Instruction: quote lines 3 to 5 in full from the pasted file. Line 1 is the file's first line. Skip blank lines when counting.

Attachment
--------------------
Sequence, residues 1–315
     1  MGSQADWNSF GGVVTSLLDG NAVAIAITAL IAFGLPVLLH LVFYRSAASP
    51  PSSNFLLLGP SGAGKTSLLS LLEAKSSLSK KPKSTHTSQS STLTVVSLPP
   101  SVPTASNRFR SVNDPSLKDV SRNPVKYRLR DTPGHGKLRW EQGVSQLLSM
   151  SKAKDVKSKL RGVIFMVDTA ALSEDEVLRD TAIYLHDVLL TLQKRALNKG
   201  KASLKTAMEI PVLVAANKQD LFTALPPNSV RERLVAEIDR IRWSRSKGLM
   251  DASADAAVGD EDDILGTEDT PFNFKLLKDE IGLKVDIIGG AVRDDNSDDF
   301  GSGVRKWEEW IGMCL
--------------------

    51  PSSNFLLLGP SGAGKTSLLS LLEAKSSLSK KPKSTHTSQS STLTVVSLPP
   101  SVPTASNRFR SVNDPSLKDV SRNPVKYRLR DTPGHGKLRW EQGVSQLLSM
   151  SKAKDVKSKL RGVIFMVDTA ALSEDEVLRD TAIYLHDVLL TLQKRALNKG